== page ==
A tiny melon from south of the border has been creating a buzz in the farmer’s markets. Its unique flavor, with hints of cucumber and green fava bean, its pest-free and rampant habit of growth, not to mention its huge productivity, all conspire to recommend this unusual vine to home gardeners looking for something new to add to their menus.
The melon’s most common name in Spanish is “sandíita” (little watermelon), but it has a slew of other monikers in local dialects and Native American languages, many of which translate as “mouse melon.” These colloquial names are not surprising because the fruits resemble superminiaturized watermelons, the perfect scale for a mouse-sized picnic.
The scientific name of this plant is Melothria scabra. It is native to Mexico and Central America, and was first described scientifically in 1866 by the French botanist Charles Victor Naudin. I should add in the same breath that Naudin’s Latin nomenclature for the melon is not engraved in stone because there is quite a bit of argument as to where this plant belongs by botanical classification, especially because it has very close relatives in Africa.
If botanists have been late in coming to terms with the mouse melon, Native American peoples have not. It has been a staple of Mexican and Central American diets since pre-Columbian times, hence its great array of names in indigenous languages. These people also use the melon in nonculinary ways, including in medicine, yet little of this information can be found in mainstream literature.
Few, if any, Mexican cookbooks written for North Americans include recipes on how to use mouse melons, yet seeds are readily available in the United States. Now is a good time for our cooks to catch up, especially vegetarian cooks looking for exciting, new ingredients.
Mouse melons are terrific in stir-fries; they can be pickled just like French gherkins, eaten raw in salads or put up like Polish dill pickles. They also can be chopped and added to salsas for extra texture and flavor.
In an effort to popularize the fruit, several seed companies have coined new names, including “cucamelon,” “Mexican sour gherkin,” “cuka-nut” and, in France, “concombre à confire” (preserving cucumber). None of these names really captures the local color of “sandia de raton” (mouse melon in Spanish), but at least, if you do an Internet search, knowing more than one name for the plant can help you find someone who is selling seed for Melothria scabra. Personally, I vote for the name mouse melon. I can visualize the little melons in a Mexican version of a Beatrix Potter story, which may be one reason why children adore them.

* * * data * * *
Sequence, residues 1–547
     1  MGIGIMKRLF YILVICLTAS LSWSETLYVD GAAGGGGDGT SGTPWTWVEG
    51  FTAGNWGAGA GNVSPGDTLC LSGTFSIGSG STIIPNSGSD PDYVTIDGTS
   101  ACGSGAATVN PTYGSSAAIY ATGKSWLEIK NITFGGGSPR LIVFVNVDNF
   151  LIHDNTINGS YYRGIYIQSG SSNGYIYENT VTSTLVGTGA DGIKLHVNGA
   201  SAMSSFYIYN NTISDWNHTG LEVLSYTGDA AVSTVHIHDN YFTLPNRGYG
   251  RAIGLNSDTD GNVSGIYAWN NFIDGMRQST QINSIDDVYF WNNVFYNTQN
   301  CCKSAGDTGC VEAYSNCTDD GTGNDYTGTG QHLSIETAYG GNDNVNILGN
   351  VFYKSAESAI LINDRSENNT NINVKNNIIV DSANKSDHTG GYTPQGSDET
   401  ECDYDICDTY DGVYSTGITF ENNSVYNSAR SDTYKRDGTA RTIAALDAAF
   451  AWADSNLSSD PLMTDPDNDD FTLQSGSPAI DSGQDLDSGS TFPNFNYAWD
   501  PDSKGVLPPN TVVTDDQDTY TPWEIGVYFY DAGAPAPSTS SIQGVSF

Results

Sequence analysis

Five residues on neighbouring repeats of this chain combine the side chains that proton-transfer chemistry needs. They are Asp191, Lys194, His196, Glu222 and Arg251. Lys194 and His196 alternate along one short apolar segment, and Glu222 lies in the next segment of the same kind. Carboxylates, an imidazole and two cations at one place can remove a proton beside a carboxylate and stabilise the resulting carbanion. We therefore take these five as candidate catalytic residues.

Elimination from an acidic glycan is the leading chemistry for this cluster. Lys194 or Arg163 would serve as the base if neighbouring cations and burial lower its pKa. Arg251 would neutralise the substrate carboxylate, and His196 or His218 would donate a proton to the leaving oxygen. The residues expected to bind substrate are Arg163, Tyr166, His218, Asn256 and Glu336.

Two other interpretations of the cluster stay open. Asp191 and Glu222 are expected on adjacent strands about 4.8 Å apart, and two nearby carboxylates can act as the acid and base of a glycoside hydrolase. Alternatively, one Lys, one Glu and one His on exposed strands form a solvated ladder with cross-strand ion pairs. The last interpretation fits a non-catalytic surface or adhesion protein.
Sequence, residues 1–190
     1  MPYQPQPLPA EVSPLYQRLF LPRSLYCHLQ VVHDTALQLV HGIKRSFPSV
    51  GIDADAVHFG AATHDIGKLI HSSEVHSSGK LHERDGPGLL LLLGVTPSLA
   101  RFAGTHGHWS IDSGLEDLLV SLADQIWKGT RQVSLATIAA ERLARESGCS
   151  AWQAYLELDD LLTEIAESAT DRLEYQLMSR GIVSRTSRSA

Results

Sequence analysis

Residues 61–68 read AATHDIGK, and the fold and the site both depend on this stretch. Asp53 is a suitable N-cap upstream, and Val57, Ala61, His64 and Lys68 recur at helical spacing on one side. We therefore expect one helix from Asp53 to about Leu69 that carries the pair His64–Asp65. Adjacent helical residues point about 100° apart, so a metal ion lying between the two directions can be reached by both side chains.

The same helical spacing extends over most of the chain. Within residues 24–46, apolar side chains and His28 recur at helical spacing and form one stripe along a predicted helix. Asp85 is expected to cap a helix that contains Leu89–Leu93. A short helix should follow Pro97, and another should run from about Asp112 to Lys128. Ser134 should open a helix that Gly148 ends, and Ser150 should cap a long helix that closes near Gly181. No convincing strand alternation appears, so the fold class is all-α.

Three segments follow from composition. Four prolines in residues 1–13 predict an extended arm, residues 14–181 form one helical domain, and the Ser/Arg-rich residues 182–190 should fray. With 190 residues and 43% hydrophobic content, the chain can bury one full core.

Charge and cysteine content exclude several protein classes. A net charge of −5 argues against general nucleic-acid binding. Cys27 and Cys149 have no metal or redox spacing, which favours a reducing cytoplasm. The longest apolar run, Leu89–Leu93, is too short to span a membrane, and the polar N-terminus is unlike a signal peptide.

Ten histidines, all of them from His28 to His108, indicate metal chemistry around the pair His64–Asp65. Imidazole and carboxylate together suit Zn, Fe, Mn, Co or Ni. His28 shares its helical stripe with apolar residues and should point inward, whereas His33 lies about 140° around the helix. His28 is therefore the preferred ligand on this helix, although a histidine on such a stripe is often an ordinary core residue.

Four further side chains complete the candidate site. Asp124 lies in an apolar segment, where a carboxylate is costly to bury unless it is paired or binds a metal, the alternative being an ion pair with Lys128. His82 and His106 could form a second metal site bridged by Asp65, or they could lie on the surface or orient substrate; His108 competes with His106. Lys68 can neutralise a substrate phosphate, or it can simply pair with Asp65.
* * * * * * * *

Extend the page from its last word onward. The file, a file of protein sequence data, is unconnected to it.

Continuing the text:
Growing mouse melons is no hassle at all. Simply start them indoors the same time you would begin seedlings for cucumbers, and plant them outdoors at exactly the same time. In fact, mouse melons are a little more cool-weather tolerant than most cucumbers, which is an added bonus should you get a late cold spell. I strongly advise creating a wire cage or trellis, because the vines will climb as high as 10 feet. Best of all, the plants will continue to fruit until the first frost, which means in my garden (Zone 7a), I’ll have a bountiful crop from July to mid-November. Having grown the melons for several years now, I also can attest that the plants are fairly drought-resistant, more so than cucumbers. And nothing — not even birds — has attacked the fruit. You also may discover that the plants reseed themselves freely, but letting them run over the ground is not the best way to cultivate them because this invites slug damage.
If you want to save seed, choose the ripest fruits. More likely than not, these will be the little melons that have dropped to the ground — this seems to be a signal from the plant that they are ripe. Take the melons indoors and let them stand a week or two on a tray to further ripen. Then cut them open and scoop out the seeds. Put the seed mass in a jar of water, and let this ferment for at least five days (this kills any virus that might be on the seed). Once a thick layer of scum has formed and the best seeds have dropped to the bottom, remove the scum layer and rinse the remaining mixture in a strainer. Then spread the seeds to dry on a screen in a cool, well-ventilated room and let them remain there for at least two weeks. The seed is dry enough to store in an airtight jar when the individual seeds snap when broken. Properly stored, the seed should remain viable eight to 10 years. But who wants to wait that long to make another salad or batch of salsa?
Baker Creek Heirloom Seeds
Ask for “Mexican sour gherkins”
Seed Savers Exchange
Ask for “Mexican sour gherkins”
Ask for “cucamelons”
Food historian William Woys Weaver packs his Pennsylvania garden with a variety of delicious, exotic vegetables. He is the author of 100 Vegetables and Where They Came From.
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